On Feb. 4, 2022, President Biden signed Executive Order 14063, which requires PLAs on all federal construction contracts of $35 million or more, with limited and rare exceptions.

On Dec. 18, 2023, President Biden announced a final rule implementing the PLA mandate on federal projects over $35 million .and the related Dec. 18, 2023, White House Office of Management and Budget Memo.  ABC issued a statement in response to the President’s announcement expressing plans to challenge the new rule in court:

Effective Jan. 22, 2024, the Biden rule replaced President Obama’s Feb. 2, 2009, Executive Order 13502 and related regulations, which encouraged federal agencies to mandate PLAs on large-scale federal construction projects exceeding $25 million in total value on a case-by-case basis, and permitted states and localities to mandate PLAs on federally assisted projects. Federal agencies are now requiring every prime contractor and subcontractor on a federal construction project of $35 million or more performed within the United States to sign a PLA as a condition of winning a taxpayer-funded contract.

Prior to this, on Oct. 18, 2022, ABC filed extensive formal comments in response to the FAR Council’s proposed rule.

ABC’s opposition to the FAR Council’s proposed rule was shared by more than 50 members of the U.S. House and Senate, 19 Republican governors and a diverse coalition of construction industry, small business and taxpayer advocates urging the administration to withdraw its proposed rule and other Biden administration schemes pushing government-mandated PLAs on state and local government construction projects receiving federal assistance via $260 billion in federal agency infrastructure grant programs (visit abc.org/PLAGrants to learn more).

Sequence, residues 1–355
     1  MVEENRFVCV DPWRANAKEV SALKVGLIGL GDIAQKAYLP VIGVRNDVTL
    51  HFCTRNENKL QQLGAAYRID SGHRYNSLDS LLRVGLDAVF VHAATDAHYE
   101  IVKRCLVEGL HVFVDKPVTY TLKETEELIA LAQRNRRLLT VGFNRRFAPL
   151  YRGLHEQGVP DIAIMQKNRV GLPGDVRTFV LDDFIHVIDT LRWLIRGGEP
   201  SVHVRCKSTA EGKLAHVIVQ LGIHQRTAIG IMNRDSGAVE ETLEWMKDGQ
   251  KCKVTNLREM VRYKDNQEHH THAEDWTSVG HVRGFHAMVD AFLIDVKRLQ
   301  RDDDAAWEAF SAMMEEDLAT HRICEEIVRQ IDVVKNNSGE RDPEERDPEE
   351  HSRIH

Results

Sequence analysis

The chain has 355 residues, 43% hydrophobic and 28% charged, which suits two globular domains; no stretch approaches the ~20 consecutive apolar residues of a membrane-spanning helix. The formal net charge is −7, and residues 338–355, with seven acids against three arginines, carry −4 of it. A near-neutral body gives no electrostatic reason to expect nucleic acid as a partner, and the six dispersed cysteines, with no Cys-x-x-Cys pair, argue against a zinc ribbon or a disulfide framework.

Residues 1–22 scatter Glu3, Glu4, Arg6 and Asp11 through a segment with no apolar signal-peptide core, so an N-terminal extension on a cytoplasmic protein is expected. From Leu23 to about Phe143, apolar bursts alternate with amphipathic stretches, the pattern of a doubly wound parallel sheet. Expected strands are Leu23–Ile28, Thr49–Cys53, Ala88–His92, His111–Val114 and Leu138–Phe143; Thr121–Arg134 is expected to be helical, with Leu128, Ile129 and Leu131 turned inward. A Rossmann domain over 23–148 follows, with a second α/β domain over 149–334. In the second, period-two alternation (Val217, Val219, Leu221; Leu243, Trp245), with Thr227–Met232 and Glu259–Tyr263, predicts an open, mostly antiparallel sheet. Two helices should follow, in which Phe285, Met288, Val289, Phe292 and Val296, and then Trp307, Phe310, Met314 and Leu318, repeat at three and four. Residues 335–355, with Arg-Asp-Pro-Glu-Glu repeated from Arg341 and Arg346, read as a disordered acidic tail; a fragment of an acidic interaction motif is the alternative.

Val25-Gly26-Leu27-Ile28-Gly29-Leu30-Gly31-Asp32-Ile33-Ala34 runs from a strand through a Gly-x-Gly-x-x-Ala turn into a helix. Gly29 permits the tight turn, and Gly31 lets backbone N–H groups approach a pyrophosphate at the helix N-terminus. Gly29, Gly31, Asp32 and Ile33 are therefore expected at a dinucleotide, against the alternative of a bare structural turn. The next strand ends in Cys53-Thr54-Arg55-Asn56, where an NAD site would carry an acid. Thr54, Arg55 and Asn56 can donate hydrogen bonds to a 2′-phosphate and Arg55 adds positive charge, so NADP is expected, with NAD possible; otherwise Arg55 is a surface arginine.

Learn more about government-mandated PLAs and Biden administration pro-PLA policies via ABC’s 2024 FAQ document and coalition website at BuildAmericaLocal.com.

According to a September 2022 survey of ABC contractor members, 98% oppose this proposed rule. Additionally, 97% said a construction contract that required a PLA would be more expensive compared to a contract procured via fair and open competition, 99% said they were less likely to bid on a taxpayer-funded construction contract if the bid specifications required the winning firm to sign a PLA with labor unions and 97% of respondents said that government-mandated PLAs decrease economy and efficiency in government contracting.